Medicare said Thursday it will pay for lung cancer screening for people at the highest risk — a decision advocates say will save tens of thousands of lives.
It's been a controversial issue and some doctors question how many people will benefit from pricey, computed tomography scans to look for early evidence of lung cancer — by far the No. 1 cancer killer in the United States. But Medicare, the federal health insurance plan for people over 65, says the benefits are clear.
"This is the first time that Medicare has covered lung cancer screening. This is an important new Medicare preventive benefit since lung cancer is the third most common cancer and the leading cause of cancer deaths in the United States," said Dr. Patrick Conway, chief medical officer for the Center for Medicare and Medicaid Services.
Medicare will pay for a once-a-year, low-dose CT exam for people aged 55-77 who are either current smokers or have quit smoking within the last 15 years; who have a tobacco-smoking history of at least 30 "pack years" (an average of one pack a day for 30 years); and who get a written order from a doctor.
"It will save tens of thousands of lives," says Laurie Fenton Ambrose, president and CEO of the Lung Cancer Alliance.
"We think it's a transformative moment for our community."
Lung cancer kills so many people in no small part because it doesn't cause symptoms until it's too late. It kills nearly 160,000 people a year, according to the American Cancer Society.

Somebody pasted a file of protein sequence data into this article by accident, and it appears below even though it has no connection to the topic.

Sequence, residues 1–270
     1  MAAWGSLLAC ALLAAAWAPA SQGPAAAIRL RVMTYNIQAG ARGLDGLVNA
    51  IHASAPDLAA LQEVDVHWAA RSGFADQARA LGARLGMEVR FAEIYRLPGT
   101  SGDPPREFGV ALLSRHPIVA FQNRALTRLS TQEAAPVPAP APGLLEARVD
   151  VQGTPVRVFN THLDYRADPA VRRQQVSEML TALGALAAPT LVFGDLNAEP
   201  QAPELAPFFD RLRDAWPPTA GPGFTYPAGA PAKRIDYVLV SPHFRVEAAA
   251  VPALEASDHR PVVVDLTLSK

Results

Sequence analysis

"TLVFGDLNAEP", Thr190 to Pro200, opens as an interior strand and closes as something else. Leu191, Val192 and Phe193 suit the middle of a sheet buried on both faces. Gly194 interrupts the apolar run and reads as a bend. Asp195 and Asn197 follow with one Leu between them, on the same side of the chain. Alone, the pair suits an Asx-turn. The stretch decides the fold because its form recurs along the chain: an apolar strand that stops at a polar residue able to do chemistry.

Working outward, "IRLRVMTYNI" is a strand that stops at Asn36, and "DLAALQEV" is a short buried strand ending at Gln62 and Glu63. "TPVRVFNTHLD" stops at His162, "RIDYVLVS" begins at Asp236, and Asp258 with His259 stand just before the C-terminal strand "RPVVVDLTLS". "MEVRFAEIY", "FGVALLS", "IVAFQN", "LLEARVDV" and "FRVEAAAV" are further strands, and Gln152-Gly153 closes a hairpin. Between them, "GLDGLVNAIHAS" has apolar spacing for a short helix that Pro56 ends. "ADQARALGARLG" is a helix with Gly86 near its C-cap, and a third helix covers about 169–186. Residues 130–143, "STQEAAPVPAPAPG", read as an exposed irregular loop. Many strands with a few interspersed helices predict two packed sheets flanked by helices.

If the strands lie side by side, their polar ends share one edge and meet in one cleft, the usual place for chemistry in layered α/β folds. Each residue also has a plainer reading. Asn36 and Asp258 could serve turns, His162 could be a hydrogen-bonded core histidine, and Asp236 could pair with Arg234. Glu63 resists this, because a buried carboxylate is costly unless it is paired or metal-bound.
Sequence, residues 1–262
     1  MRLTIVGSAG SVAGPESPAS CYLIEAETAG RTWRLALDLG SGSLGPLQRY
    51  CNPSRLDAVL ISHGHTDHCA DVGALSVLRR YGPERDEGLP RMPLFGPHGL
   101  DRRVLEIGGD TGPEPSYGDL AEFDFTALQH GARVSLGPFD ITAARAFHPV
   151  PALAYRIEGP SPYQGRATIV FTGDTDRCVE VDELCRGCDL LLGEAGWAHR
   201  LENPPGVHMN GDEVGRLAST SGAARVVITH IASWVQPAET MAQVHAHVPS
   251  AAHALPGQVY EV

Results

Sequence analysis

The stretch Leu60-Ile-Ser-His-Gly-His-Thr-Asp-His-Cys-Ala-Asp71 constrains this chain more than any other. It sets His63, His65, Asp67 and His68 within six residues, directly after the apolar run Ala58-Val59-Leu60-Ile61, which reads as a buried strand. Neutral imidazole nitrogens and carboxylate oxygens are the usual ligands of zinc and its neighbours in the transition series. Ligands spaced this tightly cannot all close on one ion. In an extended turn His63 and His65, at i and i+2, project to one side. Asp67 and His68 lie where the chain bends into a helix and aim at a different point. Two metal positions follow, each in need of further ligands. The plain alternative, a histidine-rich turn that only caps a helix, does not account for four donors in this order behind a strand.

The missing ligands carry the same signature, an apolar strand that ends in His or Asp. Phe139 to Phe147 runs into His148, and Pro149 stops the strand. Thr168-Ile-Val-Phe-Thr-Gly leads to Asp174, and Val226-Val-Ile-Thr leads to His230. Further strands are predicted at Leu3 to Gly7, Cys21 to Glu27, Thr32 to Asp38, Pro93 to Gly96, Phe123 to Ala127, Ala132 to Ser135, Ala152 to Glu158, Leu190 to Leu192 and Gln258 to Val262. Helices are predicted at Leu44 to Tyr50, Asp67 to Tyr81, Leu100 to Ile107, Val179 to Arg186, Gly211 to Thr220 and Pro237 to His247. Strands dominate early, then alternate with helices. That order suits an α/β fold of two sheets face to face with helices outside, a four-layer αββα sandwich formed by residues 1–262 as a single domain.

The U.S. Preventive Services Task Force (USPSTF) recommends that heavy smokers who are at least 55 should have an annual CT scan to check for lung cancer. The recommendations could apply to about 9 million Americans.
Experts project that the screening test, which costs $250-$300, may prevent as many as 20 percent of deaths from lung cancer, making it akin to mammograms and colonoscopies in terms of saving lives.
A study published last May projected that paying for lung cancer screening would cost Medicare $9 billion over five years, or about $3 per month per beneficiary.
"This is a great day for those at high risk for lung cancer and their families. Now, we can save tens of thousands of people each year from this terrible disease that now kills more women in wealthy countries than breast cancer," said Dr. Douglas Wood, past president of The Society of Thoracic Surgeons.
One group that's left out: non-smokers. Ambrose says her group will press for inclusion of others at high risk of lung cancer such as people with occupational exposures to cancer-causing agents and people with a genetic risk.